Buy to let is a popular property retirement investment for landlords often at the expense of more formal pension saving.
But there is a way to combine the two despite strict rules about holding residential property in a pension.
The retirement plan of choice for property investors is a self-invested personal pension or SIPP, but the same rules apply to ISAs for more accessible savings.
Regardless of the tax wrapper, two rules apply for investments:
- Individual homes are barred
- Special rules apply to ‘tangible moveable property’. This covers a range of investments, such as art, antiques, fine wines, cars, boats and helicopters.
The aim of the rules is to stop pension savers gaining tax relief on assets that could provide personal use.
The good news is a host of other investments from stocks and shares through to cash or gilts are allowed.
These allow a combination of property and pension saving.
Shares in Real Estate Investment Trusts (REITs) are traded on stock markets and combine residential property investment with cash contributions into a SIPP or ISA.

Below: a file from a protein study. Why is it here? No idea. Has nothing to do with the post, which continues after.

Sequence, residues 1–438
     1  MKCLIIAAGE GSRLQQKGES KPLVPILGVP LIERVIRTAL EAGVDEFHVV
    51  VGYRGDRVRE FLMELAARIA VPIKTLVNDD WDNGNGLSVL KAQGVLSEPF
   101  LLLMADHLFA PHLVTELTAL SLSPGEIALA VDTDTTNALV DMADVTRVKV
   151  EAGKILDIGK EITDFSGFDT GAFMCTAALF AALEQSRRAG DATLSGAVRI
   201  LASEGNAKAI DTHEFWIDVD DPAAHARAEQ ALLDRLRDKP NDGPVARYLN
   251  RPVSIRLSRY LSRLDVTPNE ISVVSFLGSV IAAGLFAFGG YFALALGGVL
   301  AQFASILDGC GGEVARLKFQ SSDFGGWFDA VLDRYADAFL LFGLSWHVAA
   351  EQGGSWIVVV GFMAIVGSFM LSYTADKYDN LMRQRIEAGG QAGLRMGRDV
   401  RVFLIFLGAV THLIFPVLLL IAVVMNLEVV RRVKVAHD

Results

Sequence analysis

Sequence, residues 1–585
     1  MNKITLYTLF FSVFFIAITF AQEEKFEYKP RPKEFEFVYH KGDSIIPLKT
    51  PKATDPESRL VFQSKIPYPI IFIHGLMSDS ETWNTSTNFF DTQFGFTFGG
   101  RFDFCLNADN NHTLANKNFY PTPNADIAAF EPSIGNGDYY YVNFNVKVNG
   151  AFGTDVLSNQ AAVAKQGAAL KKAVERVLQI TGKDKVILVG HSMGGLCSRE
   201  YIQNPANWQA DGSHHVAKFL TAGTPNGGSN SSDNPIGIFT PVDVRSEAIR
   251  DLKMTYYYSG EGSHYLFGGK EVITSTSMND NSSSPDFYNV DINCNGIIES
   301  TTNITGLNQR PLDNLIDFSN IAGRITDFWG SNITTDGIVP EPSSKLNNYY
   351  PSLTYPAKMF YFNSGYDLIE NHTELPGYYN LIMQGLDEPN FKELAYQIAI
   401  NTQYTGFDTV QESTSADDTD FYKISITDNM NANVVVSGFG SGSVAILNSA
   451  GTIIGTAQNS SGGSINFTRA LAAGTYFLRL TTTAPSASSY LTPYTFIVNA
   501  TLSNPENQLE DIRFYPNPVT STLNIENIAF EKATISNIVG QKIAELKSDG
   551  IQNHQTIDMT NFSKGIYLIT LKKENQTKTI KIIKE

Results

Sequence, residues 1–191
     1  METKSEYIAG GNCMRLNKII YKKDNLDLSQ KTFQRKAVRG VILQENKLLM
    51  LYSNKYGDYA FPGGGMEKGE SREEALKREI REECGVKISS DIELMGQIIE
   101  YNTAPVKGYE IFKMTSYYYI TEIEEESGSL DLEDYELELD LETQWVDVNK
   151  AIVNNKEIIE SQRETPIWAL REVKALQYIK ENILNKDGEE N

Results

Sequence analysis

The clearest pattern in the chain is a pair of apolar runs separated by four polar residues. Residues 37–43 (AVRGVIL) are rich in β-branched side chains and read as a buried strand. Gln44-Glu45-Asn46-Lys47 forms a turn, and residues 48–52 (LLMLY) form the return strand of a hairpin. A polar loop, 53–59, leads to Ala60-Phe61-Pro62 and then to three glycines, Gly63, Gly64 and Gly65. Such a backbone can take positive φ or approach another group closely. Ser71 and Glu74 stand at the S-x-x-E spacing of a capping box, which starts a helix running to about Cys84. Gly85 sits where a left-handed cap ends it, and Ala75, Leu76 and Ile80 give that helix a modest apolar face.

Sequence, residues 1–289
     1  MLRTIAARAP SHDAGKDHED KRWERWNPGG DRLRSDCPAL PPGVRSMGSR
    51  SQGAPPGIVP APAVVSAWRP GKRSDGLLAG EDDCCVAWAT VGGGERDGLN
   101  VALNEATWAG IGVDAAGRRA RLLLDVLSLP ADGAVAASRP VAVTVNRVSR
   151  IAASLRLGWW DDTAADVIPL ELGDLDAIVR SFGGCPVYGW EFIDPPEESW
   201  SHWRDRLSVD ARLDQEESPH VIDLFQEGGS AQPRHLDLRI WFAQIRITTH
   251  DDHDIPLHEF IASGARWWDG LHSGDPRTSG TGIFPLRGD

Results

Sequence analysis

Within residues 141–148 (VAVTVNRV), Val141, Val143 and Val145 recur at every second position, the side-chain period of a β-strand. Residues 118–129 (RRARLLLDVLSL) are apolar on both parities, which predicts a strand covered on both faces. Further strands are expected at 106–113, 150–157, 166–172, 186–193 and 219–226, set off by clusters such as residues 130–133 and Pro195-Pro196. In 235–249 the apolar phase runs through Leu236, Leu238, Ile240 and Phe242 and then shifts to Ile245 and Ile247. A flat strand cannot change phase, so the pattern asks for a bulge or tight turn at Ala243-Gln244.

REITs must pay 90% of rents back to shareholders as dividends.
Other property trusts and funds allow pension savers to take a stake in commercial property, while business owners can hold their premises in a SIPP – providing no residential property is involved.
The penalties for breaking the residential rule are steep – starting at 55% of the value of the investment.
Like any investment strategy, diversification is advisable and banking on buy to let and property in a pension is risky if the market drops unexpectedly.
Another pitfall is cashing in an investment may take some time as property can take months to sell, and during that time the cash is tied up.